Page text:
Aboriginal Health #COAG #ClosetheGap :’Historic’: Sweeping overhaul of #Indigenous #ClosingtheGap strategy welcomed

  ” Congress is the key facilitator for generational change. Now is the time for all levels of government to invest, to meet the needs of our people to develop the capacity to participate economically, socially and culturally.

All indications are that this could well mark the start of new era of Aboriginal and Torres Strait Islander Affairs.” 

Congress Co-Chair Rod Little

” Ministerial representatives from federal, state and territory governments recommitted to uniting efforts for Indigenous affairs across Australia, with a focus on the Closing the Gap Refresh and continuing to improve engagement between Aboriginal and Torres Strait Islander peoples and governments.

Council members agreed the importance of moving to a strength-based approach to Closing the Gap that celebrates Indigenous achievement, as well as addressing persistent disadvantage.”

COAG Council on Indigenous Affairs see full communique Part 2 Below

Photo Above : PM at Closing the Gap Annual report 2017

Background  Feb 2017 Closing the gap: Australia is failing on Indigenous disadvantage goals

Closing the Gap set for overhaul after failing to improve outcomes for Indigenous Australians

After almost a decade of failure to significantly improve outcomes for Indigenous Australians, the Federal Government is working on a major overhaul of the Closing the Gap strategy.

ABC reports

Key points:

  • Government will invest $300b into Closing the Gap strategy over next 10 years
  • Indigenous leaders say government must seek advice of Aboriginal and Torres Strait Islander people
  • Final Closing the Gap strategy won’t be implemented until middle of 2018

It has been almost 10 years since commonwealth and state Governments committed to targets to close the gap in Indigenous health, education and employment, but there has been limited progress in key areas.

Prime Minister Malcolm Turnbull signalled a new approach was needed when he tabled the ninth annual Closing the Gap report to Parliament earlier this year, that showed some targets were stagnating and others were going backwards.

Documents obtained by the ABC show the Federal Government is now seeking feedback on a drastically different approach, that will broaden the agenda to include more cultural and community targets.

The new framework, which would guide $300 billion of investment over 10 years, would also consider if objectives like home ownership, community safety and overcoming trauma should become priorities.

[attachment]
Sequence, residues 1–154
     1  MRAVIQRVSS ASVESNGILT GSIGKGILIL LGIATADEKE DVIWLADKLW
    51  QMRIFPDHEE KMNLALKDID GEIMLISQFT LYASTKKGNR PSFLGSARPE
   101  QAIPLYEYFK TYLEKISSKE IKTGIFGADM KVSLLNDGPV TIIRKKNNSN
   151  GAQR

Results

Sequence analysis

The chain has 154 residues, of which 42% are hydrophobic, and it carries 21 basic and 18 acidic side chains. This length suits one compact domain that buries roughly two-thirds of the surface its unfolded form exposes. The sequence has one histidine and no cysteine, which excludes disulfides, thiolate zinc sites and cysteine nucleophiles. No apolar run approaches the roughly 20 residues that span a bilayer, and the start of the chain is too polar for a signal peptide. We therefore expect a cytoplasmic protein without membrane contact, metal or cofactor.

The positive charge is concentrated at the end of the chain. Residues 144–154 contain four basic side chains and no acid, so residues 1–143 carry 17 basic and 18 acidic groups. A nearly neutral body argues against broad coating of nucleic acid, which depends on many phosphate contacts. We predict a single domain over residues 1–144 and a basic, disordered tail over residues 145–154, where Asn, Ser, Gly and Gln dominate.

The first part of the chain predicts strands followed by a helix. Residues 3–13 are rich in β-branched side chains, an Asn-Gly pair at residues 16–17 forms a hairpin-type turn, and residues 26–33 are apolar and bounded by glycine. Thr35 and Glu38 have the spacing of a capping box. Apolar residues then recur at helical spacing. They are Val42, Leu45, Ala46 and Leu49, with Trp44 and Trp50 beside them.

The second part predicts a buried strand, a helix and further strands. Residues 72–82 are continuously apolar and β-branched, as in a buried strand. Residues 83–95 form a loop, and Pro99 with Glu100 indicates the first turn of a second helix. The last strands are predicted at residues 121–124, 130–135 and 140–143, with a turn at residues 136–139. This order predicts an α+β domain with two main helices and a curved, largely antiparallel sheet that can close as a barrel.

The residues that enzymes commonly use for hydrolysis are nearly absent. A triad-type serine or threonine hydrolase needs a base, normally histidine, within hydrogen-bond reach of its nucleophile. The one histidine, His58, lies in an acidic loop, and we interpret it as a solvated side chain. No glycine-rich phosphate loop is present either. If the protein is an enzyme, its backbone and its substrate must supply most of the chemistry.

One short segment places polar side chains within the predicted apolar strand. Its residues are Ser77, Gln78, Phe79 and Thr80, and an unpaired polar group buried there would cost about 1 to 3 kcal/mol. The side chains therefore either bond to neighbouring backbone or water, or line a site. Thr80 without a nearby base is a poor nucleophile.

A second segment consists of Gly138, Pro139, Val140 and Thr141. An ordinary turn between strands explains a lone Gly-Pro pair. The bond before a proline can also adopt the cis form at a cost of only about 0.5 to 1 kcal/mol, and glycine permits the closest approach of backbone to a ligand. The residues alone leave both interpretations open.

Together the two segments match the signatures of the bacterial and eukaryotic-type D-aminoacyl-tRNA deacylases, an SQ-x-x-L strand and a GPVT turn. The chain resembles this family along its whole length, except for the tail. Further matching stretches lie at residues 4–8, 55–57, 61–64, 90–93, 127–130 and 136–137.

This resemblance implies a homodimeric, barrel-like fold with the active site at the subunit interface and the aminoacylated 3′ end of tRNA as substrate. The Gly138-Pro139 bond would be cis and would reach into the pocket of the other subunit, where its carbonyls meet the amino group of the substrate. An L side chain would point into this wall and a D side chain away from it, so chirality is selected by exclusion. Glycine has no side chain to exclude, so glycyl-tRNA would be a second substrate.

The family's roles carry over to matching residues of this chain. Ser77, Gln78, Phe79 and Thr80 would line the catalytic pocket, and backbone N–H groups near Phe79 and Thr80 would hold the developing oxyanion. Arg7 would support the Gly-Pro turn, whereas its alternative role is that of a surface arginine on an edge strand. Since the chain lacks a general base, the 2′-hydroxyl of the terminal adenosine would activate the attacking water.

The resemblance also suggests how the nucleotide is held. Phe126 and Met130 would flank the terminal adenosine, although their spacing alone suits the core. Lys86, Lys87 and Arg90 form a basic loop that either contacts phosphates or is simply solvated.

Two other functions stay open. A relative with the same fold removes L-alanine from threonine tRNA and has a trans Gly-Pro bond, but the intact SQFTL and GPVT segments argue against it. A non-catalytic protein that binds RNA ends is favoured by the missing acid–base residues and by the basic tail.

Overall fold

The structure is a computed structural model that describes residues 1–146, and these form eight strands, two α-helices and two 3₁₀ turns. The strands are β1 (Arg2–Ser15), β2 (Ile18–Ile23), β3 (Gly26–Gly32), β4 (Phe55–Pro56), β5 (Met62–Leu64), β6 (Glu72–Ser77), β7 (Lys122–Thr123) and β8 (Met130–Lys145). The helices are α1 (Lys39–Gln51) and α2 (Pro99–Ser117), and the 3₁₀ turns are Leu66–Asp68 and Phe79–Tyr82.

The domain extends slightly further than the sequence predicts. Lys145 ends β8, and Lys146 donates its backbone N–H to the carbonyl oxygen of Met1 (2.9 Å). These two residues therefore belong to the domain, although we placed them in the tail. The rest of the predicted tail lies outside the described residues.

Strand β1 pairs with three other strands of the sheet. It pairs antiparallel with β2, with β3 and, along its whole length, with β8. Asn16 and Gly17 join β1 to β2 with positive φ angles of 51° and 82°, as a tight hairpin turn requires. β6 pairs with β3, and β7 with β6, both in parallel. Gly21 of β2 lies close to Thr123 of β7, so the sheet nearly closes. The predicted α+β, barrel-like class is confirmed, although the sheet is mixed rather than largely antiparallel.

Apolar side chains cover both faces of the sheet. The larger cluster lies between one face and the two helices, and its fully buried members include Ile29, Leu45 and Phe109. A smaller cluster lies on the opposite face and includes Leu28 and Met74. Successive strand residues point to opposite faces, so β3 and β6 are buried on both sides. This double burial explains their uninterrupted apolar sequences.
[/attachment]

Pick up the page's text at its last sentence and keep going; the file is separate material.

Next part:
It is expected the final strategy will not be implemented until the middle of 2018, almost 18 months after Mr Turnbull indicated change was needed.

Federal Indigenous Affairs Minister Nigel Scullion me with his state and territory counterparts to discuss proposed changes, with months of consultation with the Indigenous community expected to follow

Fairfax Media reports

Fairfax Media understands some ministers present pushed back against the timeframe proposed by the federal government, which would see a new strategy finalised by June next year.

“You can’t put forward a new framework without including and consulting Aboriginal people. And with the current time frame the federal government is putting forward, it doesn’t look like there’s going to be enough time,” Victorian Aboriginal Affairs Minister Natalie Hutchins told Fairfax Media.

“If we were going to just ram it through or rush it through, I don’t think we’d get the results. It’s better that we get it right.”

Ahead of the meeting, Senator Scullion said there was “an opportunity to redouble our efforts in the areas where we need to do better and develop a truly national, collaborative approach to improving the lives of First Australians”.

Any changes to Closing the Gap will affect the approximately $30 billion that is spent on Indigenous people annually by federal and state governments, according to the Productivity Commission.

Congress Press Release Historic Meeting Points to Positive Working Relations

Relationships between National Congress of Australia’s First Peoples and State, Territory and Federal Governments took a positive turn today. For the first time in 8 years Indigenous Affairs was the focus of a COAG Ministerial Council meeting in Canberra.

This meeting was initiated by Minister for Indigenous Affairs Nigel Scullion and welcomed by National Congress and all who attended.

Congress Co-chairs Jackie Huggins and Rod Little heard directly from all State and Territory Ministers and Ministerial representatives in relation to their priorities for Indigenous affairs and where National Congress can play a vital role in delivering improvements for Indigenous people in their respective jurisdictions.